aren’t properly addressing their “privilege” when doing something positive for the queer community
In my experience—see the Racialicious piece above—the complaint is usually that their privilege blinded them from seeing an important problem. Since literally the only example of this seems to be Macklemore, there are lingering questions about his formulation. If it’s a bad formulation—if it’s bad representation—it’s not actually positive for the community. That matters.
Incidentally, the original quote contained a link to another HuffPo piece which never actually establishes that privilege is at the heart of the Le1f/Macklemore feud. A plagiarism accusation is. This kind of back-and-forth is a staple of the music industry, and it’s not clear to me why Le1f is being treated as a pillar of LGBT activism. Oh, wait, the answer is tokenism.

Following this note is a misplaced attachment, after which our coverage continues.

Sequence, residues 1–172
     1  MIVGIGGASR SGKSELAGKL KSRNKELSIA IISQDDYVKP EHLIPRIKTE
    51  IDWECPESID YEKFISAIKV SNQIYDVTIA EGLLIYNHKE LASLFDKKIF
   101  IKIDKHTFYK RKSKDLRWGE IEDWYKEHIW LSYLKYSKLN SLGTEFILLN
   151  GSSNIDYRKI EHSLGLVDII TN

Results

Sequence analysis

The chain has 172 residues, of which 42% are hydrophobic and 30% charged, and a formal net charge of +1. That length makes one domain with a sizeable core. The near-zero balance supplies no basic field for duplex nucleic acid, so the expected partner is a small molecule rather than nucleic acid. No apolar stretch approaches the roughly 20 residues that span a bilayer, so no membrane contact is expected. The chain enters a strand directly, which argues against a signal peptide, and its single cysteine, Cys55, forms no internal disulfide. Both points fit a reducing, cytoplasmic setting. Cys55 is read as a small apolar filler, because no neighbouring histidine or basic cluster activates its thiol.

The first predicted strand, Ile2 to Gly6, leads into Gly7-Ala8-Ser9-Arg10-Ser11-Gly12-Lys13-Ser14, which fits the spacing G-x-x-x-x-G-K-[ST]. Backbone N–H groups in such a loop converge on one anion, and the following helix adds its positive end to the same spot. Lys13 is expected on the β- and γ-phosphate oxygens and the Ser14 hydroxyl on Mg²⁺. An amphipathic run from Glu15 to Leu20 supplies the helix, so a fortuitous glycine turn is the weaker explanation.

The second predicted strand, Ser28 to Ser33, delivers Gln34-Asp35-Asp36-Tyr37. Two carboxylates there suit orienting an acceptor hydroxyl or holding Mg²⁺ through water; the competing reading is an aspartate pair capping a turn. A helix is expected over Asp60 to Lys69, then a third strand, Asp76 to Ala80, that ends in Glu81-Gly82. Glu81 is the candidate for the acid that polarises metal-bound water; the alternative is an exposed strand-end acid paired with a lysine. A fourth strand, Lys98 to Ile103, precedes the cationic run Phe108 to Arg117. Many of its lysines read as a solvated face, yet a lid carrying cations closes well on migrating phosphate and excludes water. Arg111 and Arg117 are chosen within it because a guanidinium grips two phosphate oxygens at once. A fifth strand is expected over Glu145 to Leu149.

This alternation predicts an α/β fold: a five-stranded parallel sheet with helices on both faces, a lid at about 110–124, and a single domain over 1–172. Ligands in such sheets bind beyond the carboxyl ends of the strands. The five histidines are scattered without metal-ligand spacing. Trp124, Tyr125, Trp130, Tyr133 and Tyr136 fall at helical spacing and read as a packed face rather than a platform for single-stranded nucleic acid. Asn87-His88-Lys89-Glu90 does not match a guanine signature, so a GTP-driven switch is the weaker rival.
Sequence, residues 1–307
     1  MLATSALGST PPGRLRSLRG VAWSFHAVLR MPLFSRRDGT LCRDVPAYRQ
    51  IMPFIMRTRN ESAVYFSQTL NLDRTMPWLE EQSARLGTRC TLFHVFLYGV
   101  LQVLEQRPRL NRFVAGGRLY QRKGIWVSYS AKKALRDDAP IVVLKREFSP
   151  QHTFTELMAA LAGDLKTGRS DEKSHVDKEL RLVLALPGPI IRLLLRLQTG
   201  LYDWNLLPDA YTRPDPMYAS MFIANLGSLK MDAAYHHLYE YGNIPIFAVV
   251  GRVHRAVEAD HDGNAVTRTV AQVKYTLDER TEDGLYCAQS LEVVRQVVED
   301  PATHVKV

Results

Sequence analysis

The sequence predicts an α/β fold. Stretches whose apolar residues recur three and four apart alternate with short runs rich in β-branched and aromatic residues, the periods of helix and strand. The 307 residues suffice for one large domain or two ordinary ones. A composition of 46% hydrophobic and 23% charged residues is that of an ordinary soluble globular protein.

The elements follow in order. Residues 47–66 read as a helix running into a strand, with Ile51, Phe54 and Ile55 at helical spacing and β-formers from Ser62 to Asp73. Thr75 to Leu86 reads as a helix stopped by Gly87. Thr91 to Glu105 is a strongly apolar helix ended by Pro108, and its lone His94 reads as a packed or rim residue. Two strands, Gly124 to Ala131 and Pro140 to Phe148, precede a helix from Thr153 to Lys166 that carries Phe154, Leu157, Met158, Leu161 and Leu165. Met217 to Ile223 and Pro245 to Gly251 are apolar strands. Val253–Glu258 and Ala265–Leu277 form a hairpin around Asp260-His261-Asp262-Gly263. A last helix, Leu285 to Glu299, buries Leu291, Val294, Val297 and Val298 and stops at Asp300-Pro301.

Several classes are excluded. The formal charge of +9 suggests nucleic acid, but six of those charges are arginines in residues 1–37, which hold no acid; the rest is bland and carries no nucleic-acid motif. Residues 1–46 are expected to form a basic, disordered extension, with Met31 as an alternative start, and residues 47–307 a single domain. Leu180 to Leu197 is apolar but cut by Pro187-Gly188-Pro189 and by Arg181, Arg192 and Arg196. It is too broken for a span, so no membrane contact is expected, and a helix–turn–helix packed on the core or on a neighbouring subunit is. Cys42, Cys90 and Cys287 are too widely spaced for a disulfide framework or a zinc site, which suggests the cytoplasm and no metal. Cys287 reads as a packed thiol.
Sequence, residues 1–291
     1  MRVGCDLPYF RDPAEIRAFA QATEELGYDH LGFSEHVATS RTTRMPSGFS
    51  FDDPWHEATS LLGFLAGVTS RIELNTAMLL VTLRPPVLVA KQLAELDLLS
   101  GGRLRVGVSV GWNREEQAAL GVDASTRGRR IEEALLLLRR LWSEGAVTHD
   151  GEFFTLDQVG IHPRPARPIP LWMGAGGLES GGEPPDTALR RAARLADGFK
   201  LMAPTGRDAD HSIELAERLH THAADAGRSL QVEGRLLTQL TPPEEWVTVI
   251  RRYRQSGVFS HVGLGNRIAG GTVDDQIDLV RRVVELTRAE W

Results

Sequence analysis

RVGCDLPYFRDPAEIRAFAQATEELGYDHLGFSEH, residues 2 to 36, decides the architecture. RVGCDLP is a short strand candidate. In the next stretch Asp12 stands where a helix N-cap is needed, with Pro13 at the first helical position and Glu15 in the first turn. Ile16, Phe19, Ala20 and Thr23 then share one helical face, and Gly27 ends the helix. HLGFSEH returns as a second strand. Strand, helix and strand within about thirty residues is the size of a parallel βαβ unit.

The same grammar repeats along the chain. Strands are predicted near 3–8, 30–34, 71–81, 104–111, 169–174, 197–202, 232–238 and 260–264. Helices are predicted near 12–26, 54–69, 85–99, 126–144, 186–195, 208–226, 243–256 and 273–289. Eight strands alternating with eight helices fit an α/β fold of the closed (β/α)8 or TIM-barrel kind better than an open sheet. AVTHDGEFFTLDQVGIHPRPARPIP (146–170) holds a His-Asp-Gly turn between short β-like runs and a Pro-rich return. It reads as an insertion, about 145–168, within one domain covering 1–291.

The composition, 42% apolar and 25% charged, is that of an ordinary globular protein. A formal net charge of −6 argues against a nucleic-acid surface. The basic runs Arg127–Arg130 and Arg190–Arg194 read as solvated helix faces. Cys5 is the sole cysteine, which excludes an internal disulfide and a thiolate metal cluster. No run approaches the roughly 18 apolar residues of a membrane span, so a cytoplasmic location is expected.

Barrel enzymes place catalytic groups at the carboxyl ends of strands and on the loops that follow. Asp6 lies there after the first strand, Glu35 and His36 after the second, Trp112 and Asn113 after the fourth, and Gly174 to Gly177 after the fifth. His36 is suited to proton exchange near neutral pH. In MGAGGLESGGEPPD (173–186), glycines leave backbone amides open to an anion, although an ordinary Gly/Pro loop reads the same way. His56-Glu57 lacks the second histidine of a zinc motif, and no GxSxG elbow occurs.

or — here comes the most egregious insult — are asking gay people “When did you know?”
Who is claiming this most egregious? It’s just, you know, romping around the vegetable patch of psychological trauma.
Again, the linked piece is stronger than I personally advise, but is reasonably calm.
It has gotten to the point that when a straight friend or colleague wants to ask me a perfectly legitimate question about my own story or the community in general, they usually preface it by saying something like “I hope this doesn’t offend you, but…” or “I hope it’s okay to ask this, but…”
There’s a lot to unpack here.
- straight friend or colleague: This is actually a good rule of thumb. If you’re close enough friends to get broad details about how far they went on their date or hear the family drama, you’re close enough to politely ask.